Exercise Report : FALCON EYE-1 - Souda, Greece
Exercise FALCON EYE-1 - Saudi Eagles at Souda
In mid-March 2021, the Royal Saudi Air Force (RSAF) deployed six F-15 fighters to Souda Air Base on the Greek island of Crete for a joint exercise, called Falcon Eye-1, with the Hellenic Air Force (HAF). Report and photos by George Karavantos
First HAF/RSAF bilateral exercise
From 16 until 26 of March, 2021, the Hellenic Air Force hosted the bilateral exercise named Falcon Eye-1 with the Royal Saudi Air Force at the base of 115 Combat Wing in Souda, home of the Greek F-16 Block 52+s operated by 340 Squadron (Fox) and 343 Squadron (Star).
The Saudi F-15 Eagles arrived at Souda on March 13 to stay until their departure on the 28th. There were five F-15C (209, 210, 213, 214, and 215) plus one F-15D (231). All six F-15 Eagles were coming from the 2nd Squadron of the 7th Wing based at King Faisal Air Base in Tabuk.
Before and after the exercise a number of supporting Saudi aircraft visited the base to bring in and extract the necessary support equipment and personnel. Most of them were C-130Hs belonging to the 4th Squadron and 16th Squadron of the 8th Wing based at Prince Abdullah Air Base in Jeddah. An A330MRTT, belonging to the 24th Squadron of the 6th Wing based at Prince Sultan Air Base in Al Kharj, was also utilised for the Eagles’ long trip to Greece and back.
On each exercise day there were two waves of fighters, one during the morning and one in the afternoon. Each time, both Greek squadrons were launching 4-5 fighters each, along with 4 of the Saudi F-15s.
The exercise's scenarios were focused mainly on air-air engagements with Air Superiority / Supremacy missions, since the F-15C Eagles of the RSAF are specialized in this role, but some strike missions were also planned and performed against some high value ground targets. The HAF cooperated also with the Hellenic Navy and some of the missions included simulated strikes against frigates, as high-value asset targets.
During the exercise the Saudi aircraft were not only training with the F-16s of 115 Combat Wing, but also with other aircraft of the Hellenic inventory. HAF F-16s from other Greek bases along with Mirage 2000s and F-4 Phantoms II fighters were involved in various scenarios over the Aegean Sea and air defense, close air support, and ground attack missions over the mainland.
Col. Abdulrahman Al-Shehri, commander of the RSAF detachment said the exercise was exceptional and unique of its kind. “The Hellenic Air Force was able to refine and develop the technical skills of our air crews who exchanged experiences in all available fields”, he added.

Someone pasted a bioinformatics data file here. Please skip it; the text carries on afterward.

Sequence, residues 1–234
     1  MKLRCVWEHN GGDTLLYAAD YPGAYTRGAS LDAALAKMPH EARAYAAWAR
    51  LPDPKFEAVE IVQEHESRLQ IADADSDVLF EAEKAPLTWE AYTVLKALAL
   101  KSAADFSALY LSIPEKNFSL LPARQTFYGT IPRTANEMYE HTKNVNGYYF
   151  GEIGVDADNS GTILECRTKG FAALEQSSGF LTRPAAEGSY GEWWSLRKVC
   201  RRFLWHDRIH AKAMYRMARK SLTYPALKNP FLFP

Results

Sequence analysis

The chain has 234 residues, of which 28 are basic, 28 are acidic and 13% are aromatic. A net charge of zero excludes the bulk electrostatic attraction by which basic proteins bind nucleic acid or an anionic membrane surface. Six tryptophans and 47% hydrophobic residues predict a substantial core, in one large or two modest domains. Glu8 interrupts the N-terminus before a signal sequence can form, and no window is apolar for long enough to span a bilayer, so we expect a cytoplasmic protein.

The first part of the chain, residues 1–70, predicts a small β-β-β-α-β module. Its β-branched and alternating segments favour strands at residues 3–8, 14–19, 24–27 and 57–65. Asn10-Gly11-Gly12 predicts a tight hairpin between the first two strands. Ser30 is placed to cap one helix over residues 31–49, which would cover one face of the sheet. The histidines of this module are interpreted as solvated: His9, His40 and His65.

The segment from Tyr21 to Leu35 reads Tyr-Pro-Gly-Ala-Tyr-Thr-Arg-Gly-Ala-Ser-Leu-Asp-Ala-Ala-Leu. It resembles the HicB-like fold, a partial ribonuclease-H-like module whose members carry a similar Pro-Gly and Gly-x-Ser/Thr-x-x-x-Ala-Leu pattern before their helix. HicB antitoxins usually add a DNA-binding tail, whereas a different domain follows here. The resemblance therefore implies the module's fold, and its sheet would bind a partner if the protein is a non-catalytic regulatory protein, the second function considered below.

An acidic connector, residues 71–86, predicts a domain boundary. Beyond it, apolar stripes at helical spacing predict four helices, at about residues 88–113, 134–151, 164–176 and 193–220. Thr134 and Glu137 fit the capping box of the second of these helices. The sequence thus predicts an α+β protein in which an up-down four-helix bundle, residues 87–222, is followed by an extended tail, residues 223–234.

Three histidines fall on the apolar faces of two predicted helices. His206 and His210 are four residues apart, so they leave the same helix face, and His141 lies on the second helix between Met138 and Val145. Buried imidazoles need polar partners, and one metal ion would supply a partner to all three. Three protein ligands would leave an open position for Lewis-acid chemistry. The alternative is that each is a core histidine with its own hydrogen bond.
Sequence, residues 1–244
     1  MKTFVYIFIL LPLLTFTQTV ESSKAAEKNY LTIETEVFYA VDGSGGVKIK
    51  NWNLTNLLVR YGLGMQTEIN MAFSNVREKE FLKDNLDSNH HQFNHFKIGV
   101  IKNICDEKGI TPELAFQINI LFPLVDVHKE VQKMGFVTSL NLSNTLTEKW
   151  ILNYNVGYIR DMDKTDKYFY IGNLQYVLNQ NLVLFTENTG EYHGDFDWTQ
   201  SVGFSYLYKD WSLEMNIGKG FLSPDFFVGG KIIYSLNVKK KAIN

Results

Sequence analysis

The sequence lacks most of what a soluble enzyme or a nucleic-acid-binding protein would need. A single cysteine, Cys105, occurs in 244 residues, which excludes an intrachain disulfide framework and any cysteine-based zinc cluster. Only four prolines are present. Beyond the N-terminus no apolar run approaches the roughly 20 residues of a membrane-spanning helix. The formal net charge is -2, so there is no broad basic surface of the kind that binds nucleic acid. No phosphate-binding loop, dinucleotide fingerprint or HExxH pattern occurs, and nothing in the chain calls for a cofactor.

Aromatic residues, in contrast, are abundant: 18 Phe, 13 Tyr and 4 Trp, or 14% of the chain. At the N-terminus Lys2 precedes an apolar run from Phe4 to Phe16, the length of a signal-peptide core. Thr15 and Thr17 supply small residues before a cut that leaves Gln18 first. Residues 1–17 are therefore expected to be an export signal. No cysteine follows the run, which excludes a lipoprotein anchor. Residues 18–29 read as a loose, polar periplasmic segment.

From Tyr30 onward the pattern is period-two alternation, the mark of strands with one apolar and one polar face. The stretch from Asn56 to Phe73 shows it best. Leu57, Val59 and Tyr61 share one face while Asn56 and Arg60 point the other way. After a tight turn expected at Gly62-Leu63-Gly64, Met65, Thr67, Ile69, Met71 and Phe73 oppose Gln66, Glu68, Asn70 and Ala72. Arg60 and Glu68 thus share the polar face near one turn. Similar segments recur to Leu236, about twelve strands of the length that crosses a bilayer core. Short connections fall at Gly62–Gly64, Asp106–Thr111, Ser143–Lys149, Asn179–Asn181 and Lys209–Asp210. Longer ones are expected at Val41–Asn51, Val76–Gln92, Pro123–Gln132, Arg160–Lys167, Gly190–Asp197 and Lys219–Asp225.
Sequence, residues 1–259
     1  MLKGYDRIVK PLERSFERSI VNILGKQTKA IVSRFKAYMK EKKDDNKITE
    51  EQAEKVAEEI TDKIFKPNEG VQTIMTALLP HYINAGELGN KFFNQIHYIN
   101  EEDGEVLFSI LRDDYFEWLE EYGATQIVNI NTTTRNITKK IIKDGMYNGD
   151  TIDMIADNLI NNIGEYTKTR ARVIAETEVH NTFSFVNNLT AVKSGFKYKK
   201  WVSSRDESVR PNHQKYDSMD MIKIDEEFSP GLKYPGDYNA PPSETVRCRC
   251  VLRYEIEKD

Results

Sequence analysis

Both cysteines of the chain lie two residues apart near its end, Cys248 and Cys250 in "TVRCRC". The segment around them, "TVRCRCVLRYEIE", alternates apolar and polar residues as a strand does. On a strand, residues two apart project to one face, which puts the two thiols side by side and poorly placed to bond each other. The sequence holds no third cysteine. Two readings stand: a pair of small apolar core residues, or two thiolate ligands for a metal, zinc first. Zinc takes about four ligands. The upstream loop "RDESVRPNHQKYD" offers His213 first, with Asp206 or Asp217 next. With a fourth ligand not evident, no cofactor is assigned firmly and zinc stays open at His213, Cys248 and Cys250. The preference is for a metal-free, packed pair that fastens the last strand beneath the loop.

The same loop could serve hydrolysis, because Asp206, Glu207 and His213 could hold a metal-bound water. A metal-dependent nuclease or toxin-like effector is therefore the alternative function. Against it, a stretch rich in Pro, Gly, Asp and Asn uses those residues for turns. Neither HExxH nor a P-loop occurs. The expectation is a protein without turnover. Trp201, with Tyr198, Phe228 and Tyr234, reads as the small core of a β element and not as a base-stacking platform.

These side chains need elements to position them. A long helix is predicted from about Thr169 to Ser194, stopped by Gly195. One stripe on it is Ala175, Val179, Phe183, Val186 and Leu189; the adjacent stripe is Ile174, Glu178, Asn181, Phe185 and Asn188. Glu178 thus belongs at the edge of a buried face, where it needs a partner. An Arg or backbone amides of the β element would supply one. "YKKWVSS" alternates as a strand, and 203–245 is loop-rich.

Greece is the perfect place for hosting such exercises since its rough terrain in combination with the Aegean Sea offers a great landscape for mission planners and crews to simulate different kinds of scenarios. Also, there are no densely populated areas and no competing air traffic to compromise the realism and the quality of training. Another encouraging factor is the excellent weather of Greece which offers the ability to fly and train at all altitudes.
On the 19th of March, a ‘Distinguished Visitors’ (DV) Day took place, attended by the Greek and Saudi Chiefs of National Defense General Staff, General Konstantinos Floros and General Fayyad bin Hamed Al-Ruwaili who visited Greece for the first time.
It is no secret that the Hellenic Government is seeking out this kind of military cooperation also with other countries of the region like Israel, Egypt, United Arab Emirates to display a unanimous position towards its neighbor Turkey. It is not a coincidence that the HAF hosted similar exercises with UAE Air Force last October (also at Souda), with the French Air Force in February, and while exercise Falcon Eye-1 was taking place, the Greek fighters were also flying training sorties with F/A-18Es from the USS Dwight D. Eisenhower, which was deployed to the Aegean Sea. In fact, during the final day of the exercise, the aircraft carrier visited Souda Bay for a few days.
Relevant to the above was a statement that General Konstantinos Floros made: “The important presence of the Saudi Armed Forces in Souda is added to, among others, those of the United Arab Emirates, France, US and Cyprus. It highlights the important role of Crete in consolidating security and stability in the wider region of the Central and Eastern Mediterranean, as well as the Middle East".